Preparing for Medical School Interviews

Updated: Oct 10, 2018

Receiving interviews is a very daunting yet exciting time, you’re one step closer to your dream. Interviews are part of the process of selecting the right students, they enable to demonstrate your interpersonal skills and other essential skills for Medicine and expand upon your application so preparation is essential to success!  Interviews generally take place from November to late April. When you’re invited for an interview bears no relation to how favourably your application is being considered. So we’ve decided to explain the different types of interviews, our top tips, key questions and what to do on the Big Day!



  • series of short structured interview stations

  • used to assess non-cognitive qualities including cultural sensitivity, maturity, teamwork, empathy, reliability and communication skills

  • candidates receive a question/scenario and have a short period of time (typically two minutes) to prepare an answer prior to start of station

  • either short exchange between candidate and interviewer or interviewer observes while the interaction takes place between an actor and the candidate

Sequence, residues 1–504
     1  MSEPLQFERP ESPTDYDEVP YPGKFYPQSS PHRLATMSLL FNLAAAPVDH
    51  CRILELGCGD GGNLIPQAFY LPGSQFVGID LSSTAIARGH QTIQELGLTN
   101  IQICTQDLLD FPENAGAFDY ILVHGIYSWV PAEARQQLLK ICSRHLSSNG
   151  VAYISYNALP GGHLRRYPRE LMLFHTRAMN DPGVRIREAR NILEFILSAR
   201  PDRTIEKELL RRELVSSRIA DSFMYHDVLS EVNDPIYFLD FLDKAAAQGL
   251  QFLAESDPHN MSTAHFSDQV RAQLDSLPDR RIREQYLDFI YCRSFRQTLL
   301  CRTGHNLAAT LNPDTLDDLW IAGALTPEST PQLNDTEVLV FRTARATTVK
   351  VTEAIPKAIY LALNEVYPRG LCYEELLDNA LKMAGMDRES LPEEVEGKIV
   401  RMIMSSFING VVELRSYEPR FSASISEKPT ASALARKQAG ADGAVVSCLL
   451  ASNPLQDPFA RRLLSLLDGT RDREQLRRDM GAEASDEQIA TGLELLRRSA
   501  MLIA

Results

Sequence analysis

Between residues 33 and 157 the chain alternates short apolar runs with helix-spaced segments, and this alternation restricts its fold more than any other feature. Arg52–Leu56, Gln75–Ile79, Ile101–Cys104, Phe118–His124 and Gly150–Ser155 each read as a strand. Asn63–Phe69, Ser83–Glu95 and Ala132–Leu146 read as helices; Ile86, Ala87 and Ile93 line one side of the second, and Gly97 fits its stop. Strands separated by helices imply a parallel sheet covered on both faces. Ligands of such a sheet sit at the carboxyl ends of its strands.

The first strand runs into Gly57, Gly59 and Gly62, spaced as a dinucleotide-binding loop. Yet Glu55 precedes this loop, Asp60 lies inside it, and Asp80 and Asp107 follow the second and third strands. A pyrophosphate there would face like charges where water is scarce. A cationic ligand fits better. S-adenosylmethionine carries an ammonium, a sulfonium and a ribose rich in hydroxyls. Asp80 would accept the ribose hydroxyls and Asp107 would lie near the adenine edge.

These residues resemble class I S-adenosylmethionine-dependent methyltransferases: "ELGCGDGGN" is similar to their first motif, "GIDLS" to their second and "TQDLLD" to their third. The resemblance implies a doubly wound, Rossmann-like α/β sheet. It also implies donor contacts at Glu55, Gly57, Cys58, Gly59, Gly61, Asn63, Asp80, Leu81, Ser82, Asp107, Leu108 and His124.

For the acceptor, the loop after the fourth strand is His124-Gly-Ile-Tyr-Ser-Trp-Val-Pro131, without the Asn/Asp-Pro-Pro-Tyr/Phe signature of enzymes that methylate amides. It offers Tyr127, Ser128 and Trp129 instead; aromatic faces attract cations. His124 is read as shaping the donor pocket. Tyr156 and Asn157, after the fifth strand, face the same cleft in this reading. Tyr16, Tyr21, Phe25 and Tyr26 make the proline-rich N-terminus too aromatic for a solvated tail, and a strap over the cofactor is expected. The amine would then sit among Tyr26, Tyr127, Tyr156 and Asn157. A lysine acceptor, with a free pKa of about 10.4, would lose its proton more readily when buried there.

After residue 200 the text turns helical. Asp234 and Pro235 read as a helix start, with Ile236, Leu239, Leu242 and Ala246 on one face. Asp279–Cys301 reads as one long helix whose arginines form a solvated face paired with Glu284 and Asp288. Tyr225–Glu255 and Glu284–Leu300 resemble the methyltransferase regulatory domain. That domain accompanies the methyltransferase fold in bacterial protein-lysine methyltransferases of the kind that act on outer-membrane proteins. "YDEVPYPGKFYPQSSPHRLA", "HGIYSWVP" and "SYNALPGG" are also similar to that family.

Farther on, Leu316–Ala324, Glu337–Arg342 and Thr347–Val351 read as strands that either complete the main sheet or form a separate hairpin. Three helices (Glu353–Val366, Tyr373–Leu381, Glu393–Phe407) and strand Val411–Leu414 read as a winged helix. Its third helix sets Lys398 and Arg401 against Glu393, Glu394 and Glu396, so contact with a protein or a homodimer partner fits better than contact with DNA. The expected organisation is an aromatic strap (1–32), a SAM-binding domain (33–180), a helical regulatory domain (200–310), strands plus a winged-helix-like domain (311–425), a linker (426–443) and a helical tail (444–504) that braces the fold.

• candidate evaluated at each station


  • multiple interviewers, usually a clinician, academic or medical student

  • more personalised questions asked

  • conversational interactions

  • each individual interviewer determining the mood and structure of the interview

  • Some schools may have set goals for each interview; for example, each interview is given a certain set of character traits to evaluate and comment on, or may have a structured interview format where interviewers are given standardised questions with sample answers.

Our Top Tips

Be yourself

  • The medical school have already shown that they are interested in you by inviting you to the interview; they would like your personality to shine through. By not being yourself you’re likely to mask what should you be your strongest selling point: you! Be honest, authentic and most of all be yourself; no one can ever tell you you’re doing it wrong. Be prepare to discuss your:

  • academic background

  • extracurricular activities

  • work experience & voluntary work

  • views on medical problems or ethical issues

  • why you want to be a doctor/ study medicine